Here, we discuss a few interesting topics related to Inventory.
Physical Inventory Count
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Alright now let's discuss a couple more issues with inventory at the end of an accounting period. Let's check it out. Alright. So whether you're using a perpetual system or a periodic system, all companies are gonna have to determine inventory at the end of the period, right? They're gonna have to know how much inventory is on hand to put it on their balance sheet and report it. So what do they do? Well we're gonna have a physical count, They're literally gonna go into the warehouse and physically count the inventory and see what's there. Right? And this is the inventory account that happens at the end of the period. So they're gonna count the goods, measure goods if they have to weigh goods to see how much weight they have left of that good, whatever it might be. So in a perpetual system we're gonna see that the count should confirm our inventory balance in the accounting records, right? Because we in a perpetual system we're constantly updating inventory, we're perpetually updating it. So when we count the inventory in the warehouse it should match up with the records, right? And we could do any discrepancies, right? Maybe we count and there's something missing. Well that could be some waste that could be shoplifting. Or maybe even employees stealing from you. Right? And there's gonna be ways to deal with all of that but we don't really talk about it in this course and then a periodic inventory, the physical count is necessary in a periodic inventory system. Remember that a periodic system? They only update the inventory account at the end of the period, right? They keep track of how much they purchased. They keep track of all sorts of things like that. But then at the end of the period is they physically count the inventory and back into the cost of goods sold. Okay, So in a periodic system, this physical count is necessary. Every time you see a problem about a periodic inventory, they have to tell you the ending inventory because of this physical count. Okay, So that's the physical count right there. Why don't we pause right here and then we'll talk about the next issue related to the end of end of period inventory. Alright, let's check that out in the next video.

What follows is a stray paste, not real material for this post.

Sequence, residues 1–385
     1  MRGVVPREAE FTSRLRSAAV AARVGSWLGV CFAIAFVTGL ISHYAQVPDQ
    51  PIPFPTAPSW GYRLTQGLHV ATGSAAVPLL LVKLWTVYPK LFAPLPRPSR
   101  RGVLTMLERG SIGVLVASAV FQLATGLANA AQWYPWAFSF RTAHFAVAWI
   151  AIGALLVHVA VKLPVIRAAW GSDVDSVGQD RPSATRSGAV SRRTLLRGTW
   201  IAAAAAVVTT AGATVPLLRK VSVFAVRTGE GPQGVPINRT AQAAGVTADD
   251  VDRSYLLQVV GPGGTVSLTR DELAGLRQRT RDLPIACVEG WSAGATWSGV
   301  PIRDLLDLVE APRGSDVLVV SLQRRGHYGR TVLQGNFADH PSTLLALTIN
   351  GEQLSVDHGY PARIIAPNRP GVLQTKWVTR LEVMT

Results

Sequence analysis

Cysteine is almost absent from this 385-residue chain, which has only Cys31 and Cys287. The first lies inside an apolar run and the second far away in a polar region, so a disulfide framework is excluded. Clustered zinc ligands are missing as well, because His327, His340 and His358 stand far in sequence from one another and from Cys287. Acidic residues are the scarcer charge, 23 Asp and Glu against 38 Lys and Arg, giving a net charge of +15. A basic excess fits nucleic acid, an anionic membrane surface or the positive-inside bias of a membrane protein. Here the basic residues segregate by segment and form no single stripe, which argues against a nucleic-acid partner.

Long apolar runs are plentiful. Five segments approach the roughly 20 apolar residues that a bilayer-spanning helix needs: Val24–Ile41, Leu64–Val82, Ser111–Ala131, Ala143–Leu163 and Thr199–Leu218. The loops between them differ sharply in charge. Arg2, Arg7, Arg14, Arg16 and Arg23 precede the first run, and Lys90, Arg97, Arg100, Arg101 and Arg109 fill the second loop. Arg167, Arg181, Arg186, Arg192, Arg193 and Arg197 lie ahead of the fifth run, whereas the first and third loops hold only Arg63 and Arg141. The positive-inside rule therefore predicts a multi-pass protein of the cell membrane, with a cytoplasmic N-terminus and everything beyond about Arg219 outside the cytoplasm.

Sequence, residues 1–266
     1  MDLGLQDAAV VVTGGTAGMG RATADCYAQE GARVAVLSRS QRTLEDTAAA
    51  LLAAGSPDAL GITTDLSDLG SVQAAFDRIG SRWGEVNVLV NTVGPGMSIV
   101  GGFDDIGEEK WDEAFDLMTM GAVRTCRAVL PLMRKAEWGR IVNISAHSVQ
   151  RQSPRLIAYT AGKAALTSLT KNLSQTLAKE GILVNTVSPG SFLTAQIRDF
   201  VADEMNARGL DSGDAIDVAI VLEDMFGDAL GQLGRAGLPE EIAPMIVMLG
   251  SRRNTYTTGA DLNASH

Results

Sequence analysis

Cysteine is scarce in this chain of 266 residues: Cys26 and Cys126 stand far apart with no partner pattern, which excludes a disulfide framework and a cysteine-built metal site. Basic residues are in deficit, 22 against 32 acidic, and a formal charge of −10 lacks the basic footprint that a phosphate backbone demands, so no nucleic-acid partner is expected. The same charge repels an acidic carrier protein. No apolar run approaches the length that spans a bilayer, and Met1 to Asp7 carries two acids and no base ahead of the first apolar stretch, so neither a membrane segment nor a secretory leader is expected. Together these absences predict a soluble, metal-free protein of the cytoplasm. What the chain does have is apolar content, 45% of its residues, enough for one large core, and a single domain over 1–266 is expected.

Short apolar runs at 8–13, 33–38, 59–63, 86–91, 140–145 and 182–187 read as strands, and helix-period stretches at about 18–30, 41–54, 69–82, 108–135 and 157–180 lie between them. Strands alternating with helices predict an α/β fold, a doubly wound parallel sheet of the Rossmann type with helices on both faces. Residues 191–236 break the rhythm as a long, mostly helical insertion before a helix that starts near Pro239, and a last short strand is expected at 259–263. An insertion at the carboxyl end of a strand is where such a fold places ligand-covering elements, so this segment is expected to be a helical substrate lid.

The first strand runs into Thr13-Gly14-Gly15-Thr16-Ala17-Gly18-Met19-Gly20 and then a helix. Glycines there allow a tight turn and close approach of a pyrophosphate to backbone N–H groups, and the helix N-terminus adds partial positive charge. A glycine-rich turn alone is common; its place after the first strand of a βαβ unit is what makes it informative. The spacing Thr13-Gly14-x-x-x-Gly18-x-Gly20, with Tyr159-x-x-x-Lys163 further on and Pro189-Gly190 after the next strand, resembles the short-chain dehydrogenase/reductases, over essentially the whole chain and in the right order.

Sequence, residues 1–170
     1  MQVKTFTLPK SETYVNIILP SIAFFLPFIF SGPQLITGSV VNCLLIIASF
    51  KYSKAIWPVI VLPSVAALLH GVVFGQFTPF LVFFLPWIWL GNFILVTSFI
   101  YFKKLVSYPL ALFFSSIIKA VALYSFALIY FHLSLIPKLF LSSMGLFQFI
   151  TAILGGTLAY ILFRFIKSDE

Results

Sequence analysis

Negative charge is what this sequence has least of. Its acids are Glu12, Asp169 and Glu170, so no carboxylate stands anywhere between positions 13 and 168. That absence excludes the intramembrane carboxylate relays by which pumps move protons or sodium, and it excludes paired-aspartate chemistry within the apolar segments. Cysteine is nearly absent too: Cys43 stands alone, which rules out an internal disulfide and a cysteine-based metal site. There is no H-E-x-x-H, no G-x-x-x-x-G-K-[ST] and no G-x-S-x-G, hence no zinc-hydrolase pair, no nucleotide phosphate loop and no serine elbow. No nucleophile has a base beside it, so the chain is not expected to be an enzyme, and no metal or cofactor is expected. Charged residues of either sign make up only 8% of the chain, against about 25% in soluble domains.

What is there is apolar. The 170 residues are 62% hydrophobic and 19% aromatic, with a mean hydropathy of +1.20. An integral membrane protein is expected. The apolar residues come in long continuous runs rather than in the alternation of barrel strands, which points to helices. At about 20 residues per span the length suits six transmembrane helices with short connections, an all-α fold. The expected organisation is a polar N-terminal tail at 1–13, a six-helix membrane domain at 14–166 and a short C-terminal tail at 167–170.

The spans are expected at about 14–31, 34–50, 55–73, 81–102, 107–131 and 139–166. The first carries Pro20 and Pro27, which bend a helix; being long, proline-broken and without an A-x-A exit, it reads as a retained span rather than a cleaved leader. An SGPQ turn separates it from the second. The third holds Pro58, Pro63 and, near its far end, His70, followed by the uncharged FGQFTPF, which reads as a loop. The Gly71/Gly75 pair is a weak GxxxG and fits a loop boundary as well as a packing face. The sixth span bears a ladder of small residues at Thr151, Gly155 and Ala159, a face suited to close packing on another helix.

Ownership of Goods